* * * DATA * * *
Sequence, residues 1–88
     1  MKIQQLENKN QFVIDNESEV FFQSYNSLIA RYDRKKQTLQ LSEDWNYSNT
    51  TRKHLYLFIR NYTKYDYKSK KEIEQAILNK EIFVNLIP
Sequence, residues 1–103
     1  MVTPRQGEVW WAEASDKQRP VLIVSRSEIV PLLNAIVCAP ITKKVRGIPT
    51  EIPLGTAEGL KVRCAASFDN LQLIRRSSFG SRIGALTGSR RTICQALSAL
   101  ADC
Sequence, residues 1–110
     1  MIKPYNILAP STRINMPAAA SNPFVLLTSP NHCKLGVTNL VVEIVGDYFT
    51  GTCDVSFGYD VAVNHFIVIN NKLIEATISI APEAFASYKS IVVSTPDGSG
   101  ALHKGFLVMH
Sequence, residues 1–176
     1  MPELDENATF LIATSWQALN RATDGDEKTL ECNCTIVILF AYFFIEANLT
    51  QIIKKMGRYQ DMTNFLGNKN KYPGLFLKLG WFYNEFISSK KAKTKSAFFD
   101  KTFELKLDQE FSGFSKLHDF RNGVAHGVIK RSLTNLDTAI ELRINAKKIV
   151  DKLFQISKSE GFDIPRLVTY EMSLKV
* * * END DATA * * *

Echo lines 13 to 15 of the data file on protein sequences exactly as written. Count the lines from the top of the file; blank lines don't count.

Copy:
     1  MPELDENATF LIATSWQALN RATDGDEKTL ECNCTIVILF AYFFIEANLT
    51  QIIKKMGRYQ DMTNFLGNKN KYPGLFLKLG WFYNEFISSK KAKTKSAFFD
   101  KTFELKLDQE FSGFSKLHDF RNGVAHGVIK RSLTNLDTAI ELRINAKKIV